Auroras, Fireflies and Seasonality
September 16, 2015
Fireflies (Lampyridae) and their bioluminescent lights are seasonal. In southern Maine, fireflies appear in May and can be seen until mid-August but what about the geomagnetic lights known as auroras, is there an aurora season? Often there seems to be some confusion about auroral activity and seasonality. As a solar observer, I have observed and imaged solar flares that have generated Coronal mass ejections (CMEs) and solar wind. Two days later the solar wind traveled 1 AU to Earth and behold, auroral activity.
As observations of CMEs and auroral activity have occurred in every month throughout the year, my thought was that auroral activity has no seasonal component. Perhaps Earth's 23.5 degree tilt might affect the way our magnetosphere meets incoming solar wind. To help solve this conundrum, I contacted an acquaintance, Lauren Woolsey, who is a student of astrophysics. She replied:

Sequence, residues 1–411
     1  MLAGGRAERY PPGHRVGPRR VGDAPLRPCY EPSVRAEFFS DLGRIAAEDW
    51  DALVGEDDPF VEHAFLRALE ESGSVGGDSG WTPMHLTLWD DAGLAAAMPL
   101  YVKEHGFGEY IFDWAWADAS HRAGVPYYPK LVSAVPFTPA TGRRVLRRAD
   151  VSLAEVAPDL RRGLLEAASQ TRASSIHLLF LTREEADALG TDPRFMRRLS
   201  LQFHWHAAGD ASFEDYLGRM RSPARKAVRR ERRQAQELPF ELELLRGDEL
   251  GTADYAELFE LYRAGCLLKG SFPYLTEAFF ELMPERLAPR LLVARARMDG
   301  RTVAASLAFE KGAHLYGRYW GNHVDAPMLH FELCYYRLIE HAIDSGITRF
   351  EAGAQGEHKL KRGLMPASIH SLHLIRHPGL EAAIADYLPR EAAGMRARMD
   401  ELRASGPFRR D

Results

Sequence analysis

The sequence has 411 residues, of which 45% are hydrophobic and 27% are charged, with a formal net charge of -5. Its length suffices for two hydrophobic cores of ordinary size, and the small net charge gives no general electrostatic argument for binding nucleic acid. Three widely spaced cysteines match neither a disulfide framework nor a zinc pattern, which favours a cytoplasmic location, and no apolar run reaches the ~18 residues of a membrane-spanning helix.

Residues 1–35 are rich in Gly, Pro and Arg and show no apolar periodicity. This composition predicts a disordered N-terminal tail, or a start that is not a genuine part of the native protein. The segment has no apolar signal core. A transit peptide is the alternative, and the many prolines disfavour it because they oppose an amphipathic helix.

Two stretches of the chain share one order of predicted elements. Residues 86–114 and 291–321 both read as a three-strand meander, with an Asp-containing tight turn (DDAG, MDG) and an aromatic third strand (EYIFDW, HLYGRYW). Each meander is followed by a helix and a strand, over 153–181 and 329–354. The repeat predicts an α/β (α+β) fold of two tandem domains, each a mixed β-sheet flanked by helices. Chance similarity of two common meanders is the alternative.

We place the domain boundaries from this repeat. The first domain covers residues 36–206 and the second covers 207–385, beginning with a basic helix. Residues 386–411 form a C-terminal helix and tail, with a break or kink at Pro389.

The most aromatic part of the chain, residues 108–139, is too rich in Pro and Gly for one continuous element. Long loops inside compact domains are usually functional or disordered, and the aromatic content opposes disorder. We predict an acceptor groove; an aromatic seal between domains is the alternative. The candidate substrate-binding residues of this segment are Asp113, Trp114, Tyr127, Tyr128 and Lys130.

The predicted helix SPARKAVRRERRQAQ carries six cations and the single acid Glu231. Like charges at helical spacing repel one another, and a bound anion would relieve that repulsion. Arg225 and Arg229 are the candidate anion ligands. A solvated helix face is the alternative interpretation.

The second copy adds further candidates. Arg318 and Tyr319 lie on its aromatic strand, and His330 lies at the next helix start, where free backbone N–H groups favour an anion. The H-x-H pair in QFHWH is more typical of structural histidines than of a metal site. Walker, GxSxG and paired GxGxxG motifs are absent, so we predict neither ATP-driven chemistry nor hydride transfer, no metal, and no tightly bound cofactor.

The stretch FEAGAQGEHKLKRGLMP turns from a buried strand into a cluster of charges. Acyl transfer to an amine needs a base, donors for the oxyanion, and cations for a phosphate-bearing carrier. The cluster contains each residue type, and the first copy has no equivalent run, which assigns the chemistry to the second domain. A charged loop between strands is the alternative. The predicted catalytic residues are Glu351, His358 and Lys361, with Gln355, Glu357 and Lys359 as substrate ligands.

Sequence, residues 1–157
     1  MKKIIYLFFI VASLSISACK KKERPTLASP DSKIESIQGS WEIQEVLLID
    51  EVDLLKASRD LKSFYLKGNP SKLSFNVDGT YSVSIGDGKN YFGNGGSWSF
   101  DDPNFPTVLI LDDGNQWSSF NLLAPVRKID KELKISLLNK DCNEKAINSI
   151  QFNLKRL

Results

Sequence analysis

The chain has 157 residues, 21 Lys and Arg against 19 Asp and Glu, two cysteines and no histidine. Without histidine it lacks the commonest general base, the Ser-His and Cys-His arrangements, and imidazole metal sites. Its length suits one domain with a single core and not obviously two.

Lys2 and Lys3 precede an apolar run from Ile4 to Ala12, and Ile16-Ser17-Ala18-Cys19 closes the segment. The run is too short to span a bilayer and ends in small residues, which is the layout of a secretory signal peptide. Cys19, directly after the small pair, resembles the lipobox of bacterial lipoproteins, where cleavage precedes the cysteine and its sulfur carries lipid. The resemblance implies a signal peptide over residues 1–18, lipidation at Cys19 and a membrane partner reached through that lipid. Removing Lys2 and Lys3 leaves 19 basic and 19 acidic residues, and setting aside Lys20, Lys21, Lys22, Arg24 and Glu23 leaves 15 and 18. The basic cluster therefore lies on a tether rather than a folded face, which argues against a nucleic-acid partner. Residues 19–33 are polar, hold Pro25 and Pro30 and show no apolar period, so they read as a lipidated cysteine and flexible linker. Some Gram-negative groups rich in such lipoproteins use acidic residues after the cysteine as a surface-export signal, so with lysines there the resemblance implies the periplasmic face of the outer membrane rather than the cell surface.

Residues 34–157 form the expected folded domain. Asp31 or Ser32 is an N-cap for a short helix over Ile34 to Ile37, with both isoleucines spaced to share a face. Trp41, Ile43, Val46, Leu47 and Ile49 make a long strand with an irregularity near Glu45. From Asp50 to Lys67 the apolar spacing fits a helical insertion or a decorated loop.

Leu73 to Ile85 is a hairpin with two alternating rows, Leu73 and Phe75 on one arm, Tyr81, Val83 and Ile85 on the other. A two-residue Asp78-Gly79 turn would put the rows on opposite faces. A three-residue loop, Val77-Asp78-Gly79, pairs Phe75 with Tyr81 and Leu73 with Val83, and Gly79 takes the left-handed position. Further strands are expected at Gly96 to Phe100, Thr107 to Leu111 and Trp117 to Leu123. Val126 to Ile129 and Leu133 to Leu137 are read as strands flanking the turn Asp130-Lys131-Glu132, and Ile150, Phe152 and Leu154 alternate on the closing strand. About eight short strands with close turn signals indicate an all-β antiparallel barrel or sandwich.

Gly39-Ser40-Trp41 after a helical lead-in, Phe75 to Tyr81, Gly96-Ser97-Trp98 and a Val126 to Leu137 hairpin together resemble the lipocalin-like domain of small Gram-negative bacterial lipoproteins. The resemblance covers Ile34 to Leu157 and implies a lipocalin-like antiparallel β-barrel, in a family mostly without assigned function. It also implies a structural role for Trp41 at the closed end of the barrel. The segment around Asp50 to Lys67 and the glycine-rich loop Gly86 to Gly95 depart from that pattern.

“To my knowledge, there is not a tie between Earth's seasons and geomagnetic activity. The cycle of importance is the solar cycle, which is on an 11-year-ish period. There is some variation in the Earth's magnetic field, which would give rise to seasonality of the effects of solar activity. Think of it like a rainstorm. Some parts of the year we have a bigger umbrella, some parts of the year we have a smaller one. The rain itself (the solar activity) doesn't change on that time scale, but how soaked we get (geomagnetic activity) will vary.”
Image taken June 22, 2015.
Photo Details: Camera Model: NIKON D300; Les: 10.5 mm f/2.8; Focal Length: 10.5mm (35mm equivalent: 15mm); Aperture: ƒ/2.8; Exposure Time: 30.000 s; ISO equiv: 640; Software: Adobe Photoshop CS4 Macintosh.